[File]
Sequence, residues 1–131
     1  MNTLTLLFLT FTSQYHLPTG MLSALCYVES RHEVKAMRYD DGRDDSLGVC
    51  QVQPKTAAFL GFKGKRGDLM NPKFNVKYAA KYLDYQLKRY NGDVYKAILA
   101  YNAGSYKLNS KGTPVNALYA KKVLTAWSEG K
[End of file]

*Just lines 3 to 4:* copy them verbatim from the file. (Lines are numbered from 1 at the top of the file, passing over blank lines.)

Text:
    51  QVQPKTAAFL GFKGKRGDLM NPKFNVKYAA KYLDYQLKRY NGDVYKAILA
   101  YNAGSYKLNS KGTPVNALYA KKVLTAWSEG K